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2022 ◽  
Vol 34 (5) ◽  
pp. 1-19
Author(s):  
Xiaohui Wu

In this paper, Artificial Intelligence assisted rule-based confidence metric (AI-CRBM) framework has been introduced for analyzing environmental governance expense prediction reform. A metric method is to assess a level of collective environmental governance representing general, government, and corporate aspects. The equilibrium approach is used to calculate improvements in the source of environmental management based on cost, and it is tailored to test the public sector-corporation for environmental shared governance. The overall concept of cost prediction or estimation of environmental governance is achieved by the rule-based confidence method. The framework compares the expected cost to the environment of governance to determine the efficiency of the cost prediction process.


2023 ◽  
Vol 1 (1) ◽  
pp. 1
Author(s):  
Erlane K. Ghani ◽  
Siti Murni Abdol Jahim

Trials ◽  
2021 ◽  
Vol 22 (1) ◽  
Author(s):  
Lucy Stuttard ◽  
Philip Boyle ◽  
Caroline Fairhurst ◽  
Catherine Hewitt ◽  
Francesco Longo ◽  
...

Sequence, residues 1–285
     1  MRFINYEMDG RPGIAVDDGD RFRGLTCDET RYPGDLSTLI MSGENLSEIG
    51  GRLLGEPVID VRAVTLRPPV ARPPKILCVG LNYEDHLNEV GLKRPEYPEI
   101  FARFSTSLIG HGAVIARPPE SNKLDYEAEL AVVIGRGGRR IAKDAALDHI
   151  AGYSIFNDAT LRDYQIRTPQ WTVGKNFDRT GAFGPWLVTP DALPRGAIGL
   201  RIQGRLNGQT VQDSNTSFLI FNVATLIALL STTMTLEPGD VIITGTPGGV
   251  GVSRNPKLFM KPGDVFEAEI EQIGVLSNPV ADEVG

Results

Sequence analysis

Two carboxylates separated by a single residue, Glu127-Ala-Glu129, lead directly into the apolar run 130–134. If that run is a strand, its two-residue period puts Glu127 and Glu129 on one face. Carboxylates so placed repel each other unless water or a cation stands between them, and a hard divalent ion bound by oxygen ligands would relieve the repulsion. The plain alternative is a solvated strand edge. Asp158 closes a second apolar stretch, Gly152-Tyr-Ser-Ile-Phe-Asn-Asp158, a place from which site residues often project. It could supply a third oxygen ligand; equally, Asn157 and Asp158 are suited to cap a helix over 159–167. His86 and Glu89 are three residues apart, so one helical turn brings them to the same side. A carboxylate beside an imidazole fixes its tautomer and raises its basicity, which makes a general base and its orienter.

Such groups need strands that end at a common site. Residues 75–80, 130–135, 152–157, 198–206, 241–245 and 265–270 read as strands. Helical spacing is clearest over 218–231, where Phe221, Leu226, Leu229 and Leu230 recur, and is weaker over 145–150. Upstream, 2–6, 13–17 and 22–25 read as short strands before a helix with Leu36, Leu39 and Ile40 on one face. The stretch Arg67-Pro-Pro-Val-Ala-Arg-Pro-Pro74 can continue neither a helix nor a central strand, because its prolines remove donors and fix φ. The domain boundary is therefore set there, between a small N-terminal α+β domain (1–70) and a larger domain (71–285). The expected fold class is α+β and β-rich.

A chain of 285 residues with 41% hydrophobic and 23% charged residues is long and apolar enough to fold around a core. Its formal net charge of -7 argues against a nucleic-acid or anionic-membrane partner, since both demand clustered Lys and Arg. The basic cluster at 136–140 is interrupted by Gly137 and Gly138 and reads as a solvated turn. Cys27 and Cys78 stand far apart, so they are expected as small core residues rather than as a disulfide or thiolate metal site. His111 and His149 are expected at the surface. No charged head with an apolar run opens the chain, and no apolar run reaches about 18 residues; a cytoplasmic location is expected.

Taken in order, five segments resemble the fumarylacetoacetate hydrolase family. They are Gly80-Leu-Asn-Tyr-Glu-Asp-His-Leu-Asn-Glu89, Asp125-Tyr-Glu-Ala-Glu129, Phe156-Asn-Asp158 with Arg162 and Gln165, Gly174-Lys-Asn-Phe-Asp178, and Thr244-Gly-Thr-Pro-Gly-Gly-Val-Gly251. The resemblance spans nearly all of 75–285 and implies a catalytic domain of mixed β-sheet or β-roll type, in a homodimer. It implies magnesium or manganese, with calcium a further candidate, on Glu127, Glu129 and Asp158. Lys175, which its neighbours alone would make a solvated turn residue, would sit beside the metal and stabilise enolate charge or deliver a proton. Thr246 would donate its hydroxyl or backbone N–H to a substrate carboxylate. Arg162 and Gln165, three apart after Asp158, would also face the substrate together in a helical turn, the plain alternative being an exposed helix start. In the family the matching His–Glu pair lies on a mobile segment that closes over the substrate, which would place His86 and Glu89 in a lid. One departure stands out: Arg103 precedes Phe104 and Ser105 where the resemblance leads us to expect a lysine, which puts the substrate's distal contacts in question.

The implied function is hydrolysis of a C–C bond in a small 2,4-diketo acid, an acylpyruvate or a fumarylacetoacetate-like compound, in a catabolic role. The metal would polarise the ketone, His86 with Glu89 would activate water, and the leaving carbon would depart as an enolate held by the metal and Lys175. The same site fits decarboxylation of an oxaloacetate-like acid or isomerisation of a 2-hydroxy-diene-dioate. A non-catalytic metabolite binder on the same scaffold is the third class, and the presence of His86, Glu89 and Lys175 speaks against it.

Abstract Background Hearing loss increases the risk of poor outcomes across a range of life domains. Where hearing loss is severe or profound, audiological interventions and rehabilitation have limited impact. Hearing dogs offer an alternative, or additional, intervention. They live permanently with recipients, providing sound support and companionship. Methods A single-centre, randomised controlled trial (RCT) evaluated the impacts of a hearing dog on mental well-being, anxiety, depression, problems associated with hearing loss (responding to sounds, fearfulness/social isolation), and perceived dependency on others. Participants were applicants to the UK charity ‘Hearing Dogs for Deaf People’. Eligibility criteria were as follows: first-time applicant; applying for a hearing dog (as opposed to other support provided by the charity). Participants were randomised 1:1 to the following: receive a hearing dog sooner than usual [HD], or within the usual application timeframe (wait-list [WL] comparator). The primary outcome was mental well-being (Short Warwick-Edinburgh Mental Well-Being Scale) 6 months (T1) after HD received a hearing dog. The cost-effectiveness analysis took a health and social care perspective. Results In total, 165 participants were randomised (HD n = 83, WL n = 82). A total of 112 (67.9%) were included in the primary analysis (HD n = 55, WL n = 57). At T1, mental well-being was significantly higher in the HD arm (adjusted mean difference 2.53, 95% CI 1.27 to 3.79, p < 0.001). Significant improvements in anxiety, depression, functioning, fearfulness/social isolation, and perceived dependency, favouring the HD arm, were also observed. On average, HD participants had used fewer statutory health and social care resources. In a scenario whereby costs of provision were borne by the public sector, hearing dogs do not appear to be value for money. If the public sector made a partial contribution, it is possible that hearing dogs would be cost-effective from a public sector perspective. Conclusions Hearing dogs appear to benefit recipients across a number of life domains, at least in the short term. Within the current funding model (costs entirely borne by the charity), hearing dogs are cost-effective from the public sector perspective. Whilst it would not be cost-effective to fully fund the provision of hearing dogs by the public sector, a partial contribution could be explored. Trial registration The trial was retrospectively registered with the International Standard Randomised Controlled Trial Number (ISRCTN) registry on 28.1.2019: ISRCTN36452009.